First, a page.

Individuals requiring assistive technology tend to be an underserved group, but as a wheelchair user himself, University of Pittsburgh’s Rory Cooper wasn’t content to simply hope more options sprang into being. Instead, he became an inventor and mentored other disabled inventors who’d make their share of assistive tech contributions.
In late October, Cooper traveled to the White House to receive the National Medal of Technology and Innovation for his work in the field. Receiving the award, which was launched in 1985, put Cooper and his fellow honorees in the company of Apple’s Steve Jobs, Steve Wozniak and other tech giants.
Cooper is Pitt’s assistant vice chancellor for research for STEM-health sciences collaborations, as well as the founding director and VA senior research career scientist of the Human Engineering Research Laboratories. When he came to the Steel City from California after being recruited by Pitt in 1993, he and his wife felt like it’d be a good place for a fresh start. Looking back now, the 63-year-old, Gibsonia-based Cooper said he’s never regretted making the Pittsburgh area his new home.
Here’s a look at how Cooper went from a nuclear power plant to making contributions to the assistive technology sector that even the White House found impressive. This Q&A has been edited for length and clarity.
Where did your interest in assistive technology come from?
Rory Cooper: It came out of personal need. After I started using a wheelchair due to a spinal cord injury, I discovered that the technology just over 40 years ago was not very good. And so I started developing technology for myself. And then, as I advanced in college, I learned that I was not the only one in need of better technology. And so that led to eventually creating the Human Engineering Research Laboratories.
What are some of the biggest challenges you’ve had throughout your career?
Obviously, securing funding is always one of the challenges for anybody in a research career. The other biggest challenges are addressing some of the complex needs of people with disabilities in order to create a society that’s more inclusive and accessible to them. So we’ve tackled some pretty significant challenges, such as reducing the risk of carpal tunnel syndrome of elbow tendonitis, but rotator cuff injuries. We’re just seeing incidents of pressure injuries or pressure sores, pelagic expanded mobility, and then access to higher-quality devices.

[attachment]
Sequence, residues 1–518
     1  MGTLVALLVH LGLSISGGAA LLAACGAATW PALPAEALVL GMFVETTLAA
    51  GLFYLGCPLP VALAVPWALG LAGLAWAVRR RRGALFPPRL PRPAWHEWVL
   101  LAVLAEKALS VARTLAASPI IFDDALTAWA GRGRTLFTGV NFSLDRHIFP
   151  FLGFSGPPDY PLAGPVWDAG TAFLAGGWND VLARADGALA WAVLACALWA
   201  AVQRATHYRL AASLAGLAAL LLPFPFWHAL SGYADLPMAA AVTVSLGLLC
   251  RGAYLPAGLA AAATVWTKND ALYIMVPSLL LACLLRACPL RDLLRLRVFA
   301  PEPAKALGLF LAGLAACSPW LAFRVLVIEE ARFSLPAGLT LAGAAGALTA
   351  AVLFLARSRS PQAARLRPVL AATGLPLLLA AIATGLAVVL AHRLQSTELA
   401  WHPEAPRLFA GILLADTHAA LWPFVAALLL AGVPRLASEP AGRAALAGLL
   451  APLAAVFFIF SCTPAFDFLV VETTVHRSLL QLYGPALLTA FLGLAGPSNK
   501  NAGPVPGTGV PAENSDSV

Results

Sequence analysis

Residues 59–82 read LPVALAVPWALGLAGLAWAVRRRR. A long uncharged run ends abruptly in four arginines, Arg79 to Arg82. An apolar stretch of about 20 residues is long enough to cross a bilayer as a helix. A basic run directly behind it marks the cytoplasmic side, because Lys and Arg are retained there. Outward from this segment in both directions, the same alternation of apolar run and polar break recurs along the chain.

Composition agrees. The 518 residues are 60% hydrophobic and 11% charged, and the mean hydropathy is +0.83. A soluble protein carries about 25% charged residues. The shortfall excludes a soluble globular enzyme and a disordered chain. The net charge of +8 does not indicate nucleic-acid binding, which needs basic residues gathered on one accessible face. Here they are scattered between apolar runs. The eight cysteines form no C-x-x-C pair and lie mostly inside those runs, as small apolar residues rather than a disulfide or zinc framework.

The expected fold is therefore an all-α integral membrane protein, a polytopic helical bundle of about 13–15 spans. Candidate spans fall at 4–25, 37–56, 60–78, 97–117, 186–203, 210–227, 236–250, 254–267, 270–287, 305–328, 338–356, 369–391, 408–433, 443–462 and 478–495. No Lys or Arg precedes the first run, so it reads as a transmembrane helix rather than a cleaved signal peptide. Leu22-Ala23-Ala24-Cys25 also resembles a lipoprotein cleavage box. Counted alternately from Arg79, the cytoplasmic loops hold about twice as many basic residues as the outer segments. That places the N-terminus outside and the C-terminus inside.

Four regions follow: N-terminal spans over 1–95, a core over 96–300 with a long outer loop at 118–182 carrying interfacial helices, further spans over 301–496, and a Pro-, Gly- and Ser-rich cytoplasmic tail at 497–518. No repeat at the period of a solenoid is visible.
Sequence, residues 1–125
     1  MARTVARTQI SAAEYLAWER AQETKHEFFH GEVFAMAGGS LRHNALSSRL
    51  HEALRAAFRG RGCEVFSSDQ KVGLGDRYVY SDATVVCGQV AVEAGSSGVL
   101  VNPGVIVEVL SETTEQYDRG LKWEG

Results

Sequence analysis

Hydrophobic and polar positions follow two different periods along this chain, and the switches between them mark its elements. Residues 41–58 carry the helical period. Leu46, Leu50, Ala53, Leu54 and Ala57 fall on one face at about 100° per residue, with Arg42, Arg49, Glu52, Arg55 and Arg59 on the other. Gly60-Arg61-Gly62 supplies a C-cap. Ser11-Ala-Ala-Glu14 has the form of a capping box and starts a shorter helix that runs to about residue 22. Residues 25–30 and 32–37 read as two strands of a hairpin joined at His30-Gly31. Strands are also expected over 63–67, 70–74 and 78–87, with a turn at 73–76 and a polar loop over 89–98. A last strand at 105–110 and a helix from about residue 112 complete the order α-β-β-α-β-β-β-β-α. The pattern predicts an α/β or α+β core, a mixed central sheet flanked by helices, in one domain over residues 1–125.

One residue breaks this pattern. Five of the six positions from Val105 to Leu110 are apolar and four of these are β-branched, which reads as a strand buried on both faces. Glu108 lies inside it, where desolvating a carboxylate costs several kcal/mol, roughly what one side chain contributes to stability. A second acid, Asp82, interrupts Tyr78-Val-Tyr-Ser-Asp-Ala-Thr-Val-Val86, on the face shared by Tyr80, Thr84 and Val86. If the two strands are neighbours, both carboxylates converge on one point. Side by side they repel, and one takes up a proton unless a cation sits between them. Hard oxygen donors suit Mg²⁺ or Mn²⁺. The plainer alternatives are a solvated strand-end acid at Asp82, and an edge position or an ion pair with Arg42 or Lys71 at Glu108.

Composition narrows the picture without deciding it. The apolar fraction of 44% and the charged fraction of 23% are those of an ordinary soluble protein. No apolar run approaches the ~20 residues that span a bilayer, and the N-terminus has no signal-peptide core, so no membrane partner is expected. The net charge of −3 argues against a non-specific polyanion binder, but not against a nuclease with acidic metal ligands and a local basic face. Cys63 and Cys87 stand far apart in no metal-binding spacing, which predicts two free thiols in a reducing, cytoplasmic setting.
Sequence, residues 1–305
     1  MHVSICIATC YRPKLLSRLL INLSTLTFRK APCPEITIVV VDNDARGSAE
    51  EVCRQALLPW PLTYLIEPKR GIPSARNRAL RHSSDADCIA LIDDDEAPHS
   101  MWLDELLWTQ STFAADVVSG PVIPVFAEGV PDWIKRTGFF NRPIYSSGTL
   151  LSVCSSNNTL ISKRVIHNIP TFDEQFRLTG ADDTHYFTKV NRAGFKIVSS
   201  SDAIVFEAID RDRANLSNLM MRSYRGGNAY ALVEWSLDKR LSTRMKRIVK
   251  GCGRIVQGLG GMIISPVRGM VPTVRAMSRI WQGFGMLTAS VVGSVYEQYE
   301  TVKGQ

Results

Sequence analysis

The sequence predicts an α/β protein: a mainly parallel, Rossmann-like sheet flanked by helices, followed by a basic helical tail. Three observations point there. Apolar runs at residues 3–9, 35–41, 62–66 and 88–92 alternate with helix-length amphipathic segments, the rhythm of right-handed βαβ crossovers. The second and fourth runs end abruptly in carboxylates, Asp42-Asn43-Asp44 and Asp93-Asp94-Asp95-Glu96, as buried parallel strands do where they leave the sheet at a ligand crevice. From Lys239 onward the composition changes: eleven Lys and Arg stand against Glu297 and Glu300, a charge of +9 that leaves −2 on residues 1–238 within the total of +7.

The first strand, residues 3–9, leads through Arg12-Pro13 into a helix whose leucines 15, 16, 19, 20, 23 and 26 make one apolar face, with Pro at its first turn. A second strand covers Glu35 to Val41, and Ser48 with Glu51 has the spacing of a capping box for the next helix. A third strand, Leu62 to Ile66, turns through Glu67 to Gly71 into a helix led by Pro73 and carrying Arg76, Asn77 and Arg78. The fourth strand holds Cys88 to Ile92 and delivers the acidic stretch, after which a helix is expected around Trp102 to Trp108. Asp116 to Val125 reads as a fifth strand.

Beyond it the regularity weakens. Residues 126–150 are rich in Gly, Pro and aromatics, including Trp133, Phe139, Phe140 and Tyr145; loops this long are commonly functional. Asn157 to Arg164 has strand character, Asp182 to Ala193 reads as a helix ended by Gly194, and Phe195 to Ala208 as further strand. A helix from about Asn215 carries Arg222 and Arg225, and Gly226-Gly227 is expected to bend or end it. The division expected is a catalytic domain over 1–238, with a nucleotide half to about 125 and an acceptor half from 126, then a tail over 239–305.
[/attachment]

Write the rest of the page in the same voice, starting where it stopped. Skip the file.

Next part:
What was your first tech job?
My first tech job was as an engineer at Pacific Gas and Electric at their Diablo Canyon Nuclear Power Plant. It was a unique opportunity because I was part of the last phase of studying to provide commercial power. And so I got to see sort of the last phases of bringing the plant online and all the processes that it takes, and I had the opportunity to train some of the operators as well. So it’s a really interesting job — and it’s actually the job that led me to think about teaching as a career and pursuing my Ph.D., which then introduced me to biomedical engineering.
Now, of course, as a person with a disability who uses a wheelchair, getting that first job was really important, just to show, to prove to myself and to others that I could work and contribute.
How would you describe the work environment at the University of Pittsburgh?
It’s good, it’s inclusive, and we’re working to make it more so. We came to the University of Pittsburgh at a pretty exciting time in the 1990s [in] Pittsburgh when it just started to recover from the loss of the steel industry and automotive industry and transition to a high-tech economy. And it’s been remarkable to see that the University of Pittsburgh was a big part of that as the other universities in the area, and working with city, county, and in districts of nonprofits here. So it’s been exciting to see that transformation and to be part of that transformation.
And, and I think we’re still in it. I think we are pretty influential in both the robotics fields [and] in the medical fields. And so, it’s kind of an exciting place to be.
What are some of the things that you’ve accomplished throughout your career that you feel particularly proud of?
I’m most proud of creating the Human Engineering Research Laboratories itself, [which] I basically created with two graduate students from scratch 30 years ago. The other things I’m most proud of are actually, the people that we’ve trained who’ve gone out across the United States and around the globe, to further develop and apply assistive technology for people with disabilities to improve mobility and function in society.
The things I’m most proud of are the contributions that people with disabilities themselves have made through working with HERL or using the technology roles created.
Atiya Irvin-Mitchell is a 2022-2023 corps member for Report for America, an initiative of The Groundtruth Project that pairs young journalists with local newsrooms. This position is supported by the Heinz Endowments.
University of Pittsburgh
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